Commentary: Little knives and cellphones on planes? This won't end well

The News & Observer (Raleigh, N.C.)March 17, 2013 

Air Travelers Knives

Airline passengers will be able to carry small knives, souvenir baseball bats, golf clubs and other sports equipment onto planes beginning in April 2013 under a policy change announced March 5, 2013, by the head of the Transportation Security Administration administrator John Pistole.


Gee, what could possibly go wrong with this?

At the same time the FCC is requesting that airlines ease up on restricting the use of cell phones, the TSA is fixing to relax rules so we can carry knives onto planes.

Little ones, but knives all the same. And golf clubs. As if we airline passengers aren’t already irritated enough after being poked, probed, herded and surcharged up the departure gate before we even get onto the plane. Then, once there, we’re jostled, squeezed into ever-smaller seats and bumped by unapologetic flight attendants if our shoulder extends one millimeter beyond the seat back.

Hmmm. What could make that experience even more delightful?

Cell phones, Kindles and iPads. Yippee ki-yea!

I called the FCC on Monday to find out if, when and why the cell phone ban might be lifted – and was told to call the FAA.

I did, but FAA spokesman Les Dorr told me it is actually the FCC’s call. “Why then,” I asked Dorr, “did the FCC tell me to call y’all?”

“Because they don’t know what they’re talking about,” he said. He told me to call them back, “and if they tell you it’s the FAA’s decision, tell them about how in 2004 they proposed rescinding the in-flight cell phone ban and received overwhelmingly negative responses.”

Dorr said, “No one has really tried to show that (all the electronic devices) can be safely used during all phases of the flight. ... (Airlines) follow our guidance, which says that during the critical stages of flight – takeoff and landing – below 10,000 feet, then you’ve got to turn everything off.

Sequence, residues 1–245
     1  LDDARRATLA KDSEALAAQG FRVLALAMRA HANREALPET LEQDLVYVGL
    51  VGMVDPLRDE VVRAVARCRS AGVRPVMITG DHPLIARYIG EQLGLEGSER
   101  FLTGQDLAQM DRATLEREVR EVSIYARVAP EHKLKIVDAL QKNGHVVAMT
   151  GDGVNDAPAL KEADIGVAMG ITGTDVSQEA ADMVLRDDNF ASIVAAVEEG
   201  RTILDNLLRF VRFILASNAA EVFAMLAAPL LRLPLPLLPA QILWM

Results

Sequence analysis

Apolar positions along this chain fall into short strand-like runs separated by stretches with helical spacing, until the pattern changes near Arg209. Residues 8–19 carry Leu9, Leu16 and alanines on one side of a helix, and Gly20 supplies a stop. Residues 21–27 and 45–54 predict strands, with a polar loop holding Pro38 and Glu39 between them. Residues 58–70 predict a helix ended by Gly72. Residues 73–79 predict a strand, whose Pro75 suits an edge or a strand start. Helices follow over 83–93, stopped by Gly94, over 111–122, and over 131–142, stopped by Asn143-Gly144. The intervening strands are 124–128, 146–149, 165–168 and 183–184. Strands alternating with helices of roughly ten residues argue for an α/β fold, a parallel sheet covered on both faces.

“The reason for that is, if there’s even a possibility of interference” they want to eliminate it, Dorr said.

Corey Caldwell, a spokeswoman for the Association of Flight Attendants, said that union’s petition – – has more than 20,000 signatures protesting the change. An AFA news release she sent to me stated “Flight Attendants are outraged. We are the last line of defense in aviation security and time does not change the fact that we were among the first to die in a war we didn’t know we were fighting on September 11, 2001. ... There is no excuse for this.”

Amen, sister.

FCC Chairman Julius Genachowski, in a published letter to the FAA in December, wrote that mobile devices “empower people to stay informed and connected with friends and family, and they enable both large and small businesses to be more productive and efficient, helping drive economic growth and boost U.S. competitiveness.”

Huh? Sure, cell phones and other devices allow us to stay connected, but who said that’s a good thing? Don’t you ever want to be unconnected?

As for Genachowski’s convoluted contention that cell phone use at 35,000 feet is essential to business success, here’s the deal: if a two-hour flight without phone or texting can sink a business, it’s already sunk.

Genachowski said the current ban doesn’t apply to voice communication anyway. But even the incessant clack clack of keys texting messages can rub raw your last nerve at such close quarters. Besides, once you ease restrictions on texting, it won’t be long before LOL-ing and ROFLMAO-ing becomes actual laughing out loud and ROFLMAO.

After that, flights becoming interminable gabfests is inevitable.

“Honey, guess where I am? Flying over Dubuque. No, really. I’m in the air right now. Ask this man sitting next to me if I’m lyin’ about flyin.’ Uh, nevermind. Dude’s got a knife. ’Bye, honey.”

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